Keeping Crashes To A Minimum
By Charles Connell, Globe Correspondent, 10/28/99
The second piece of software is the operating system, such as Linux or Windows 98. The operating system runs everything on the computer that is behind the scenes: accepting input from the keyboard, sending data to the modem, storing information on the magnetic disks, etc.
Operating systems also control how and when applications run, and prevent them from
bumping into each other.
Operating systems can get stuck for many reasons, such as writing garbled information to a disk, allowing two applications to interfere with each other, or sending bad instructions to some part of the computer hardware.
To prevent your computer from locking up at a crucial moment, the following steps usually are effective.
1. Use stable, well-tested software. Buy software from major manufacturers, who have created previous versions of the same product. The first release of a software product often has many bugs, but the fifth release is usually quite reliable. Windows 98, for example, is a high-quality product, because Microsoft has been fixing problems in Windows since 1990. Besides stability, newer versions of software products also are more likely to be compatible with other recent software. The latest web browser from Netscape, for instance, works more reliably with the newest features built into many web sites.
2. Once your computer is working well, leave it alone. Resist the urge to install the latest hardware options, such as a faster processor, or tinker with the operating system's control panel, such as memory settings. If you want to try these activities for fun, do them on a separate computer reserved for experimentation.
3. Use one application at a time. In theory, modern operating systems allow you to perform many operations at once. In practice, computers are less reliable when a lot of complex software is vying simultaneously for the operating system's attention. You are asking for trouble if you print a document from Lotus WordPro, while checking your e-mail at America Online, while inserting a game CD. The overlapping demands on the operating system are likely to expose its bugs and limitations that a single application will not uncover.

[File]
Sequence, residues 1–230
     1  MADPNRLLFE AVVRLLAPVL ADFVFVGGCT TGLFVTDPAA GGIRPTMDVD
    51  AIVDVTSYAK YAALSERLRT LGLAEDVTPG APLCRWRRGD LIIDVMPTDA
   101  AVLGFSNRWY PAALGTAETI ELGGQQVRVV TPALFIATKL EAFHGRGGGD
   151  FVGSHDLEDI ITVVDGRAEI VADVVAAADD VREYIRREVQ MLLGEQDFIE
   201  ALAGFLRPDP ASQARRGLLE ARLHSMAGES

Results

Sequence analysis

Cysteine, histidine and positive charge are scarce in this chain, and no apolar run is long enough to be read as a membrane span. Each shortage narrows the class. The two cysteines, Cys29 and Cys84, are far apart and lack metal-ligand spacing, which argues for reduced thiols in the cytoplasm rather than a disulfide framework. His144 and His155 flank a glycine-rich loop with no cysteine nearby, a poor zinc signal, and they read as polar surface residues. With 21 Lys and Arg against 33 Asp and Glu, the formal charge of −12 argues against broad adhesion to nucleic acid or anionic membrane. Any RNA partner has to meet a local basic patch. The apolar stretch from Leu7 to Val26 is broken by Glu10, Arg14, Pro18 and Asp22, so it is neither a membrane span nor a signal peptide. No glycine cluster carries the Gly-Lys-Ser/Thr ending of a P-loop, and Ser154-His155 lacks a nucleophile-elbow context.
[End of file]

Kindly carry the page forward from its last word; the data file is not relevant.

4. Don't rush an application. When you become proficient with a software package, it is possible sometimes to type three or four steps ahead of the computer. In Microsoft Word, for example, you can print a long document, then (while still printing) reformat the paragraphs, and (while still reformatting) start to type a new paragraph. In the same way that too many applications can trip up an operating system, too many overlapping commands can trip up an application. Allow one operation to finish before typing the next.
Sometimes, in spite of these precautions, your computer will still freeze or crash at the worst time. The best defense against this inevitability is to make backups early and often. As soon as you start a project, save the files to the hard drive. Resave your work every 10-15 minutes by pressing the SAVE icon in your application. For important projects, keep a backup copy outside of the computer, and refresh this backup every hour. For really important projects, keep a backup in another building. Then, no matter what happens at your house or office, you have a good copy of the big presentation.
(Note: This is the text of my article, as submitted to the Boston Globe. The published version was edited slightly.)